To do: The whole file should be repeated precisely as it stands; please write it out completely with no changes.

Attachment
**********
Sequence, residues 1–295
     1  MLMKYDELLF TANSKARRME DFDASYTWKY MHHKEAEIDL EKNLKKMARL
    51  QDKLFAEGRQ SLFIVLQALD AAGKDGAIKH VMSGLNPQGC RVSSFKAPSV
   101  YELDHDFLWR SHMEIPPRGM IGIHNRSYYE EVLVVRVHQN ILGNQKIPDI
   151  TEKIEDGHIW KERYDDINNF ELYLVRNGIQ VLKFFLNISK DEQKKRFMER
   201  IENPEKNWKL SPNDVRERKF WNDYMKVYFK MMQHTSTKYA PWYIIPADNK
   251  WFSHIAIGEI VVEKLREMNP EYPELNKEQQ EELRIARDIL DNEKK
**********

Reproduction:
Sequence, residues 1–295
     1  MLMKYDELLF TANSKARRME DFDASYTWKY MHHKEAEIDL EKNLKKMARL
    51  QDKLFAEGRQ SLFIVLQALD AAGKDGAIKH VMSGLNPQGC RVSSFKAPSV
   101  YELDHDFLWR SHMEIPPRGM IGIHNRSYYE EVLVVRVHQN ILGNQKIPDI
   151  TEKIEDGHIW KERYDDINNF ELYLVRNGIQ VLKFFLNISK DEQKKRFMER
   201  IENPEKNWKL SPNDVRERKF WNDYMKVYFK MMQHTSTKYA PWYIIPADNK
   251  WFSHIAIGEI VVEKLREMNP EYPELNKEQQ EELRIARDIL DNEKK